Yes, you can receive your military retirement pay and VA disability if you served more than 20 years. You must also qualify for Concurrent Retirement and Disability Pay (CRDP) by having a disability rating of at least 50%. The total amount you receive will depend on your service-related disability. Still, CRDP benefits cannot exceed the amount you would get as a pension calculated with your years of service.
What Is Concurrent Retirement and Disability Pay?
The Department of Veterans Affairs requires you to waive some section of your gross pension to receive disability compensation. This means that if you receive $600 monthly, your retirement pay will be reduced by an equivalent amount.
Concurrent Retirement and Disability Pay is an exemption of the VA waiver. This benefit type gradually restores your pension by eliminating the amount you relinquish. If you qualify for CRDP, the VA will not deduct any amount from your pension apart from taxes. In addition, you will receive the untaxed disability compensation you are eligible for based on your rating.
What Is Combat-Related Special Compensation?
Combat-related special compensation (CRSC) entitles some veterans to tax-free monthly benefits. In addition, it reimburses retired vets and those with injuries associated with military service. However, unlike CRDP, CRSC does not prevent the VA waiver.
Hence, if you qualify for this benefit, the VA will still deduct the disability benefits from your pension. However, you will still receive your disability payment, depending on your rating. Thus, you could get three checks:
- CRSC reimbursement pay
- Retirement pay less the CRSC amount
- VA compensation
While most veterans qualifying for CRSC receive three checks, you may get two under certain circumstances. For example, if your disability compensation is more than your full pension, the VA will eliminate retirement benefits to prevent double pay.
How to Apply for CRDP or CRSC
When seeking CRSC benefits for the first time, you would use DD Form 2860. On the other hand, if you need a decision review, ask for a reconsideration application from your service branch.
Once VA receives your documents, it will assess them and send feedback in writing. Then, if you qualify, you will receive an approval letter indicating the amount you get monthly.
On the other hand, CRDP does not involve an application process. Instead, the VA will remove the waiver and restore your full retired pay if you qualify for the benefit.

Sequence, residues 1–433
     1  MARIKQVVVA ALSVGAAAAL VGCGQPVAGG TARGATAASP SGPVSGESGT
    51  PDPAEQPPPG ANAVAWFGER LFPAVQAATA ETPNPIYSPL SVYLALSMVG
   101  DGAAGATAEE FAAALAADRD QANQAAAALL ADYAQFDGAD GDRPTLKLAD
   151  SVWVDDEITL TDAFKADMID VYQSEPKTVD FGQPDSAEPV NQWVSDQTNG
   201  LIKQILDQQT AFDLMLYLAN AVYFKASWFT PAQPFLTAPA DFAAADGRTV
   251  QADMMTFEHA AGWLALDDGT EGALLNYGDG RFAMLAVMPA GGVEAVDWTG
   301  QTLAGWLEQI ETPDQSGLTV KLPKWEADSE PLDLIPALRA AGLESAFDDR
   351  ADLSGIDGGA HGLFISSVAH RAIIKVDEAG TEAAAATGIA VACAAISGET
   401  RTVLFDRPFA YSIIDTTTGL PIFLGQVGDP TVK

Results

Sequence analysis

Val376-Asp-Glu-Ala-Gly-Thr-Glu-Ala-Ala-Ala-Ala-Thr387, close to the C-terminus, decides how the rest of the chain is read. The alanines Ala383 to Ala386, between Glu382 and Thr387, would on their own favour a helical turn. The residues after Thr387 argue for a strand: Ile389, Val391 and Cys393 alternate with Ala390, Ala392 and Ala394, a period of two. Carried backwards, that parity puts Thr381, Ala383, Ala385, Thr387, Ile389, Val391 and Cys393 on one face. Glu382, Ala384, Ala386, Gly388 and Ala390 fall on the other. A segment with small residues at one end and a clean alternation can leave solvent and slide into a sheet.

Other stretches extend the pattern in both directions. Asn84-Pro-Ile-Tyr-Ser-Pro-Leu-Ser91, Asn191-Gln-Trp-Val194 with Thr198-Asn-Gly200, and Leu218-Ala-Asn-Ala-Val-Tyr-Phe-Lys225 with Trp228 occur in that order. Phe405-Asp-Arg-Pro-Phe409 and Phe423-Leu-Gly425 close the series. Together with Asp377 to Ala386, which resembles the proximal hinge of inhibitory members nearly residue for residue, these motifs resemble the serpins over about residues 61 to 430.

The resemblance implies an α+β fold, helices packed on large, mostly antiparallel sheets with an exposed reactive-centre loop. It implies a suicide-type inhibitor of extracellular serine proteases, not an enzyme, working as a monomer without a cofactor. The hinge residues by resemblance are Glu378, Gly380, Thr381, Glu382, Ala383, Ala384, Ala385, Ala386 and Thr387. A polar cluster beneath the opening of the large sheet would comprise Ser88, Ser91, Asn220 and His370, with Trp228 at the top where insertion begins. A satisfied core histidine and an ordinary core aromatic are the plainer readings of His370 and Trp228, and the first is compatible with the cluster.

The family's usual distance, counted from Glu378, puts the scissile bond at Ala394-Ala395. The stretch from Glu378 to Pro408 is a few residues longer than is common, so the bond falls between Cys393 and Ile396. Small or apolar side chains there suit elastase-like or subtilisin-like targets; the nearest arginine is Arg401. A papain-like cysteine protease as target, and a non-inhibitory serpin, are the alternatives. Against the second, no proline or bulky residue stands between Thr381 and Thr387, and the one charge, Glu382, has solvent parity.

Can I Waive My Retirement Pay Benefits?
Veterans have the option to waive their disability compensation from the VA. They can also opt out of the retirement pay issued by the Department of Defense (DoD). So, how do you decide which option to select?
Keep in mind that VA disability benefits are not taxed, so consider which option makes more sense for you. You can fill out VA Form 21-8951-2, the Notice of Waiver of VA Compensation or Pension to Receive Military Pay and Allowances, if you decide to waive your VA compensation and receive military pay instead.
In addition, your dependents will still enjoy DoD medical benefits, provided your disability rating is at least 30%.
When Will You Receive Your First Military Pension Check?
You will receive your initial military retirement payment 30 days after your release from active duty. In some cases, you may also get the check on the first business day of the month following when you were to get your first payment.
Once your first payment arrives, DoD will send a letter indicating how it calculated your pension. This document may include information like any deductions and your duration of service.
DoD will then send subsequent military retirement checks on the first of each month—or the next business day if the first falls on a holiday or a weekend.
When Do You Get Your VA Disability Check After Retiring?
If you qualify for CRDP, the VA will not send a separate check for disability compensation. Instead, it will include the amount in your pension so that you receive both payments simultaneously.
If you do not receive your check within 15 days from the expected date, it is advisable to contact VA. You will also follow this process if you change your contact information, address, or bank account.
Contact an Advocate for More Details About Disability Pay
An advocate can assist with the decision review process to help you seek a higher rating. Contact a disability advocate today for a free claim assessment.